This study presents a contrasting hypothesis concerning the genesis and development of Islam in Mexico than the one generally held across academic spheres and current historiography. It demonstrates that Colonial and Early Independent Mexico and Islam may have as well known about the existence of each other. However, within the chronological framework in which the Viceroyalty of Nueva España lived and developed there were social hindrance, geopolitical imperatives and theological impediments and cosmovisions – in both sides of the Atlantic – that created the quasi– perfect circumstances for the Islamic tradition and Mexico not to really meet. This book provides new angles of study on the theme, and with it, new historiographical approaches.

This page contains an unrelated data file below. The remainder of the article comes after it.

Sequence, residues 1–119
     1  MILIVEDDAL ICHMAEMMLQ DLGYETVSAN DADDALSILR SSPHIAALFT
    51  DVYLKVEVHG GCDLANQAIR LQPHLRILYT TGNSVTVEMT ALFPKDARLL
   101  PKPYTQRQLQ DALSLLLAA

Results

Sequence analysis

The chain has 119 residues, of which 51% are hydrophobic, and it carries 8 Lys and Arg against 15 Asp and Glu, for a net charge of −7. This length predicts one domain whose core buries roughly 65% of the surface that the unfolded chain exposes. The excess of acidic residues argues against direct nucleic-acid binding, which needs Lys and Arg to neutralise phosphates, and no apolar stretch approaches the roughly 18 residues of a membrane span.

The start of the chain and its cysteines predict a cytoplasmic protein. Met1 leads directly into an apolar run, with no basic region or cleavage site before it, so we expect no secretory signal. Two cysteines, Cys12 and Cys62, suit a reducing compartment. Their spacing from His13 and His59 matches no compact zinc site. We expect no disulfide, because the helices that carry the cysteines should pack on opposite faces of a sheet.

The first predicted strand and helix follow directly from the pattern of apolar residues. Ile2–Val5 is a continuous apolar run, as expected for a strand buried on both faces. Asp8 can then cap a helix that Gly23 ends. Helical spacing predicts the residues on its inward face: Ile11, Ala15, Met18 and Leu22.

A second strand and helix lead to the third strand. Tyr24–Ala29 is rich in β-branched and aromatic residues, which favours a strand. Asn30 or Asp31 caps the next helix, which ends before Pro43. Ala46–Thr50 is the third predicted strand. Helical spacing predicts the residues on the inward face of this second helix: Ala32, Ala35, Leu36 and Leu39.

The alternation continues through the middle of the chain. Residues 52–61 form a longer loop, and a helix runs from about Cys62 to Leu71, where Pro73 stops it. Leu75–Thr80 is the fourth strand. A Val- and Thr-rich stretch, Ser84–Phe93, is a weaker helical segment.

Jonathan Benzion is a PhD Candidate in Iberian and Latin American Studies at Sorbonne Université. His scholarly interests meet at an interdisciplinary intellectual carrefour that oscillates between History of the Middle East and Islamic and Jewish Studies, to History of Mexico and Iberian and Latin American Studies.
Introduction: On Hispania, Islām, Mexico, and Religious Tradition
1 Imagined Communities: An Islamic New World in Pre-Columbian Times
2 Fiction in the Archives: An Islamic Tradition in the Viceroyalty of Nueva España
3 Taqiyyah, Fatwas, and Cédulas Reales: A Novohispanic Crypto-Islām between Paradigm, Folk Tale, and Faith
4 Hidden Heretics in New Spain: Myth, Legend, and Evidence of the Abrahamic Religious Traditions of Colonial Mexico
5 The Corps Expéditionnaire Français of Napoleon III and an Islamic Resurgence in Mexico (1862–1867): Reassessing the Question
6 Le Bataillon Nègre Égyptien and the Resurfacing of Islām in Mexico (1862–1867): Rethinking the Equation
Conclusion: A Reappraisal of Claims versus Evidence
Sources Bibliography Index
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